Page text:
As part of a protracted war against Huawei, the US placed the company on an entity list, banning any US business or person from working with the Chinese manufacturer. That meant that, while it could use the open source version of Android, which is common in China, Huawei couldn’t use Google’s services. And in the west, the twin worlds of Android and Google Play are seen as indivisible.
The two devices that Huawei has released since the ban, the Honor 9X in China and the Mate 30 series, both ship without Google Play. In its place, Huawei is hoping that its own store, the App Gallery, will mature enough in the west to satisfy people’s thirst for the apps they know and love. That’s not very likely, however, since companies like Facebook have already backed off supporting Huawei devices in future.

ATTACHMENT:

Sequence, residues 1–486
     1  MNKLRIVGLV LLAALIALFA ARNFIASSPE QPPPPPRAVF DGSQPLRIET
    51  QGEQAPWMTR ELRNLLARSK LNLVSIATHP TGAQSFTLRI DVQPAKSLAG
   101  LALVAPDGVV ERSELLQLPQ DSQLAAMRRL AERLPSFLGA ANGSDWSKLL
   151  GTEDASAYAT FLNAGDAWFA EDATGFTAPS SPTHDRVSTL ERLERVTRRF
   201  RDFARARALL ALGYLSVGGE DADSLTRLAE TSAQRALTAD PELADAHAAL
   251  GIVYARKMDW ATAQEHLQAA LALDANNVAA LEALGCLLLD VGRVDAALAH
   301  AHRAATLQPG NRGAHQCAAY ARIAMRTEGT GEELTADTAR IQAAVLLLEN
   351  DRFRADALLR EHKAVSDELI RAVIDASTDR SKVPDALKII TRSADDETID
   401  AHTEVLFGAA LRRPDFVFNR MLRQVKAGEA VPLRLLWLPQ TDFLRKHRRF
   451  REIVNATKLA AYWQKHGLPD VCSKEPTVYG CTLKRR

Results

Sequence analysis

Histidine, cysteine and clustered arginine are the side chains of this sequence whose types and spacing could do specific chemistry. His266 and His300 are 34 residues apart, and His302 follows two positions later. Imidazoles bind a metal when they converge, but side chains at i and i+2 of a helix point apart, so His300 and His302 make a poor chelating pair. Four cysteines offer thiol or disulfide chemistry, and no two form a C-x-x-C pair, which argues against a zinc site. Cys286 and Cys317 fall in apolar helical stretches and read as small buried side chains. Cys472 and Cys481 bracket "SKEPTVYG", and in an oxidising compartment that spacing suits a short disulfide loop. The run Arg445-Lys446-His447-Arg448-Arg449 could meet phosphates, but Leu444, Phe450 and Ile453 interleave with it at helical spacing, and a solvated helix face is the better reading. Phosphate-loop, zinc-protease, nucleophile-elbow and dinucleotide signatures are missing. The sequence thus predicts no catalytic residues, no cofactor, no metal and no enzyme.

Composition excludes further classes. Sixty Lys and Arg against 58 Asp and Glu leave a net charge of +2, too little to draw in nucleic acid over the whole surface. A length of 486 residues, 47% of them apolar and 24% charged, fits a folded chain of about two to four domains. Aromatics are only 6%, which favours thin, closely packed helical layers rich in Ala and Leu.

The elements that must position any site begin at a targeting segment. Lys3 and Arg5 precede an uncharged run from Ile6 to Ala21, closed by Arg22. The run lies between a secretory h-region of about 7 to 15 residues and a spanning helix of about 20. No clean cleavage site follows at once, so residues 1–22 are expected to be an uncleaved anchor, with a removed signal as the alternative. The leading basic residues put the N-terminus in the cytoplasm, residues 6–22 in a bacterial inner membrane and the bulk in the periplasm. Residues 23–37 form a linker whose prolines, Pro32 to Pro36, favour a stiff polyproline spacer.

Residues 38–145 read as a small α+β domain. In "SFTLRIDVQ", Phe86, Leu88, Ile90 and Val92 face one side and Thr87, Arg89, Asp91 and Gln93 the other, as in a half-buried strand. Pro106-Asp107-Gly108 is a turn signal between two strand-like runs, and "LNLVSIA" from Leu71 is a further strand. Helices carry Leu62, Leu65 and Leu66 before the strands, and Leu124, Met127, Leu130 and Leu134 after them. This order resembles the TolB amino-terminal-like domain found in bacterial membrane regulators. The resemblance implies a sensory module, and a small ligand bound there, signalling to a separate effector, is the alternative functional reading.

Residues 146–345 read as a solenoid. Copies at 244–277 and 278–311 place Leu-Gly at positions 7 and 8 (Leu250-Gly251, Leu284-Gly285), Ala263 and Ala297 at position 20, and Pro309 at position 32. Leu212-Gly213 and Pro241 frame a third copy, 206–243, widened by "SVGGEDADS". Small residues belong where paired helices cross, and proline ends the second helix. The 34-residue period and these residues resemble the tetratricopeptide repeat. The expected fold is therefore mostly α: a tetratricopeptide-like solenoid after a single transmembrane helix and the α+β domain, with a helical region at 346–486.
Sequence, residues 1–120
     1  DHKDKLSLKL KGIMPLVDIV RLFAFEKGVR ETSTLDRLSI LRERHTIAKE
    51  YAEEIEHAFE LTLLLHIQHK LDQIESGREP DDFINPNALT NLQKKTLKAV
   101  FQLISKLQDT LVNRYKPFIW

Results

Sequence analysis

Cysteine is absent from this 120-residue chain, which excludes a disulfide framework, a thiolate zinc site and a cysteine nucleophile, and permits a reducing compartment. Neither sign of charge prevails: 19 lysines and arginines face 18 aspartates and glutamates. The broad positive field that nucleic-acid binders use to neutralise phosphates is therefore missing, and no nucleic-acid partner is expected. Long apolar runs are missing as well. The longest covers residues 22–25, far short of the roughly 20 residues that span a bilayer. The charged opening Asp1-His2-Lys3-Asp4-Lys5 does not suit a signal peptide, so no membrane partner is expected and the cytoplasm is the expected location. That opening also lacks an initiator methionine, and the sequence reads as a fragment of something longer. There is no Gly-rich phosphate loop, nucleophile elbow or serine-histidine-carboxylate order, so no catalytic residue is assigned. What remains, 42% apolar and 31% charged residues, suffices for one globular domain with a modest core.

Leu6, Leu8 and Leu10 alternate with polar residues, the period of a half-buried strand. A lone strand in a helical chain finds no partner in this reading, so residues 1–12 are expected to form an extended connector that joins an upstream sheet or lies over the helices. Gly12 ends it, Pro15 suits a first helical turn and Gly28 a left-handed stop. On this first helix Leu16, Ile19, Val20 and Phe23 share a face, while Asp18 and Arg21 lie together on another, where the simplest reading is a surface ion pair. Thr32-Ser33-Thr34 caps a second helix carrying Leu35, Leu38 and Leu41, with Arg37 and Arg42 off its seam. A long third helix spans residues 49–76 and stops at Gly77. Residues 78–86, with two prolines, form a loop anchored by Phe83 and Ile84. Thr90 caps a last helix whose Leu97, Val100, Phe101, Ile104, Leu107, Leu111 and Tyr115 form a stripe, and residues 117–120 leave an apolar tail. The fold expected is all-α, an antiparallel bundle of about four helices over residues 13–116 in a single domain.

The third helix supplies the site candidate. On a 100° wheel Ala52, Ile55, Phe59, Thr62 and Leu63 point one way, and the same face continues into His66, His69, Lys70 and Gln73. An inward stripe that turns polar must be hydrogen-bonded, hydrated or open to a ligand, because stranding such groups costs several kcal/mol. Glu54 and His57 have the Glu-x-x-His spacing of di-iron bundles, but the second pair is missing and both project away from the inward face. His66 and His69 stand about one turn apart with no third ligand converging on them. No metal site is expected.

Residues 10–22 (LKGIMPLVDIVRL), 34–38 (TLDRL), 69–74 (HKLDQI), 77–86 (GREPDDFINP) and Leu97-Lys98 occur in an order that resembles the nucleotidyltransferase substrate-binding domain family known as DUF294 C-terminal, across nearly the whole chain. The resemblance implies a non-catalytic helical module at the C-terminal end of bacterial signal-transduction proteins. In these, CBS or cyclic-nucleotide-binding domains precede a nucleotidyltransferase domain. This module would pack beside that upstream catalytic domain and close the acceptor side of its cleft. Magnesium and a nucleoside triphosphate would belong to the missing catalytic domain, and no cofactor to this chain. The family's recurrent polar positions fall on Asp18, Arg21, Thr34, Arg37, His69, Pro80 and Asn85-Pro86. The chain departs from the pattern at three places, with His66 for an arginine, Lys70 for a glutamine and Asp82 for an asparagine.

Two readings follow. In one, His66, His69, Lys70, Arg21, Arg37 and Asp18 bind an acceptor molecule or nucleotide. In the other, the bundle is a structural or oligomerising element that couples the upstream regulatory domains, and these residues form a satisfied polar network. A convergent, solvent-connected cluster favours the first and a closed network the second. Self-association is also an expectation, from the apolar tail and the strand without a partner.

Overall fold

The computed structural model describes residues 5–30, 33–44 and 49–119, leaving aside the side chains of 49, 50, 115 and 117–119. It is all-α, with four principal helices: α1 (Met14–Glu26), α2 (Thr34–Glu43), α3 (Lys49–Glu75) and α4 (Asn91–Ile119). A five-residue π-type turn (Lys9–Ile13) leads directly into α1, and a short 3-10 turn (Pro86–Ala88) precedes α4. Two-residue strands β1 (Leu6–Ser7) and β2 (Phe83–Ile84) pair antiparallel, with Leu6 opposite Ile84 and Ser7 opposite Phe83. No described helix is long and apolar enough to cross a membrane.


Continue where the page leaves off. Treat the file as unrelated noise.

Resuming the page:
Huawei locked the boot loader on the Mate 30, but a nod-and-wink workaround existed for both the Mate 30 and the 9X in the form of LZ Play. If you were prepared to risk your device’s security (LZ Play required administrator rights despite its sketchy provenance) you could download the app and use it to access Google Play. From there, you could then download the apps you crave, and demand, from your Android phone.
Using apps to route around the Google ban is not uncommon, with apps like GO Google Installer being used on western phones brought to China. In this case, however, GO Google Installer didn’t work for the Mate 30 series.
On October 1st, developer John Wu wrote about how LZ Play uses undocumented Huawei APIs inside the OS that are used for device security to trick Google servers. Wu suggested that Huawei knew about the secret tools LZ Play used, and either encouraged, or turned a blind eye to its use. After all, it meant that enthusiasts had a way of getting Google Play onto devices that otherwise would be blocked.